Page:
The Negro Leagues Baseball Museum in Kansas City Oct 5, 2021; Kansas City, Missouri, USA; Bob Kendrick, president of the Negro Leagues Baseball Museum in Kansas City, stands at the customer podium Tuesday morning where patrons enter the museum. Mandatory Credit: Evert Nelson/The Capital-Journal via USA TODAY NETWORK

Many great African American players before the color barrier was broken in the MLB have unfortunately been forgotten in the eyes of the casual baseball fan, largely because their stats in the Negro Leagues had not yet been integrated into the MLB record books. But on Tuesday, an announcement came that this is set to change.

USA Today’s Bob Nightengale first broke the news on Tuesday, coming from an MLB spokesperson that Negro League statistics will be implemented into the MLB record books on Wednesday.

This represents some very significant changes to some longstanding records in baseball history. Negro Leagues legend Josh Gibson is now set to hold a number of records, including the all-time records for batting average (.373), slugging percentage, (.718), and OPS (1.177).

It has been a long time coming that some of the legends of the Negro Leagues like Gibson and many others who never got the opportunity in the MLB are recognized for their accomplishments. And naturally, fans had plenty to say about these incoming changes.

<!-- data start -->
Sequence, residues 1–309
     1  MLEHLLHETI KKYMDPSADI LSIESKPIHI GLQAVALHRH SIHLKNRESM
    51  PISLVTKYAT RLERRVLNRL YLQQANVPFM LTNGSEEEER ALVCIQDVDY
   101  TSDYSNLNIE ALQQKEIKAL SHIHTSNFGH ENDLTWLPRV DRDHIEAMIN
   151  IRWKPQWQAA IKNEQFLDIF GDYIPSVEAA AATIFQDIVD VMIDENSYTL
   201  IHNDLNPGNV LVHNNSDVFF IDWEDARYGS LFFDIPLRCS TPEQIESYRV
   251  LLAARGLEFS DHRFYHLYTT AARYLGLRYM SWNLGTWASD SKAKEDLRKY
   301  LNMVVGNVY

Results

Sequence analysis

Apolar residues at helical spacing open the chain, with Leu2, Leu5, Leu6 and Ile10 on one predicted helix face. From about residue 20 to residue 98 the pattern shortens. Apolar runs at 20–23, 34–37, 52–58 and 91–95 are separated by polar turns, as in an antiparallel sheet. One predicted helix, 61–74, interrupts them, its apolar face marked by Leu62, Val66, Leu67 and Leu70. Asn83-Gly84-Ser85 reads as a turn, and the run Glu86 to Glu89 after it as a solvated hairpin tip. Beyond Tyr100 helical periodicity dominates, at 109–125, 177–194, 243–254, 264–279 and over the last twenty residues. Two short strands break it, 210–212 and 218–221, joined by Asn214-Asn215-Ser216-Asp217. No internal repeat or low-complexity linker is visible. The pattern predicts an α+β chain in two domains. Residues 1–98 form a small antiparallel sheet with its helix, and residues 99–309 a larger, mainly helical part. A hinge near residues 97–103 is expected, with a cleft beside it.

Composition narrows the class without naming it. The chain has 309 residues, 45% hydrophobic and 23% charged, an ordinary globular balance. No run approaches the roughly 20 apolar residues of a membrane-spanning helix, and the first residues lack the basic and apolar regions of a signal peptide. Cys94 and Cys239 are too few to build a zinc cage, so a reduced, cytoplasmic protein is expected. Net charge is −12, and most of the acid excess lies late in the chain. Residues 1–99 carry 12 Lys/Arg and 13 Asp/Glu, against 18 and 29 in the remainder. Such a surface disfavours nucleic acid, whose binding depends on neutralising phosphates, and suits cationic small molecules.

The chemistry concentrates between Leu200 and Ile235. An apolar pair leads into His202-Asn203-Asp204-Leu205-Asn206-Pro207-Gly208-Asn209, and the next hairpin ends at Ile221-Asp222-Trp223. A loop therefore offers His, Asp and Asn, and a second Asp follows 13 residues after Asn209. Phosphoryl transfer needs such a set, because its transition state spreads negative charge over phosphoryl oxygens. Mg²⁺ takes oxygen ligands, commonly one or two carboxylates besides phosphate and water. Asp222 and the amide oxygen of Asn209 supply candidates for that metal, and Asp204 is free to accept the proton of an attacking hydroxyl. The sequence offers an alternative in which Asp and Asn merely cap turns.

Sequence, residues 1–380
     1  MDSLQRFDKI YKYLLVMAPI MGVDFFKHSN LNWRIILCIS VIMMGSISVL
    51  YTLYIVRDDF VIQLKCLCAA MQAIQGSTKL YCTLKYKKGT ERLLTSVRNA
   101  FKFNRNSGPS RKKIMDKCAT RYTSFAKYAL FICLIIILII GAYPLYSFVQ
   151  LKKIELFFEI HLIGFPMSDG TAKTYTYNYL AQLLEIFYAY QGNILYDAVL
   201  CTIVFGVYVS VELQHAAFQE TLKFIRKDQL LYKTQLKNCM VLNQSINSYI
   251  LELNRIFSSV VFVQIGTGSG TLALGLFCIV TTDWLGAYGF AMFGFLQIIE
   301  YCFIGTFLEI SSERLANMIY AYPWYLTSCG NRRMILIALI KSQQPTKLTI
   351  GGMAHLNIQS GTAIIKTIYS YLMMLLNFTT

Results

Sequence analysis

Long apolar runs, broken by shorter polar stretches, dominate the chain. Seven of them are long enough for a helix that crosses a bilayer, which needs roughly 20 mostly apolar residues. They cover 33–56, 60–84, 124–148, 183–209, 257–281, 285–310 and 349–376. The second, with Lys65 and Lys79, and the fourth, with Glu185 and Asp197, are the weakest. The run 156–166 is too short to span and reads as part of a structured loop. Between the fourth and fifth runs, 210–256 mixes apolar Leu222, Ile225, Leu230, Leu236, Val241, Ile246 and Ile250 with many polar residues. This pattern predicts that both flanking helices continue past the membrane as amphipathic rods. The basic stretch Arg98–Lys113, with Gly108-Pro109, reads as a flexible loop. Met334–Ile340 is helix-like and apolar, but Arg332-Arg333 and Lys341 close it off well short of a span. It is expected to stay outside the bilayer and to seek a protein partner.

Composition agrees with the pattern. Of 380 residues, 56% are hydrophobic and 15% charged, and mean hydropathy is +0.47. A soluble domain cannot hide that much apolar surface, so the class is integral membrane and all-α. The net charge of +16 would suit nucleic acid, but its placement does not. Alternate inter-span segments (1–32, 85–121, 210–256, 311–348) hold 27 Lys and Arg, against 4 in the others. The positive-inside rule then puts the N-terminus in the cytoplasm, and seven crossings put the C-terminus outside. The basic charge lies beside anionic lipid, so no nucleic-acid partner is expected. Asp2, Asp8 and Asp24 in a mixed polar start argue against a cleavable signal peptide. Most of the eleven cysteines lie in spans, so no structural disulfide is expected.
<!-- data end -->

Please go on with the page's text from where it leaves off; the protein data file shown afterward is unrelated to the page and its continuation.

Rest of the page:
Naturally, this development presents some very obvious debates that should have been happening all along.

Babe Ruth has been widely regarded as one of if not the greatest baseball players of all time for decades now. But does Josh Gibson have a case to be in that discussion alongside Ruth?

His stats, which are now just as valuable as Ruth’s in the eyes of MLB, certainly make it at least a conversation.

It’s obviously impossible to determine whether the Negro Leagues of the MLB was a higher level of competition during Gibson’s playing days. So there will surely still be debates about that among baseball fans.

But regardless, Negro League players are finally getting the representation that they deserve in the MLB record books, which on paper is an overwhelmingly positive thing.

[USA Today]

About Reice Shipley

Reice Shipley is a staff writer for Comeback Media that graduated from Ithaca College with a degree in Sports Media. He previously worked at Barrett Sports Media and is a fan of all things Syracuse sports.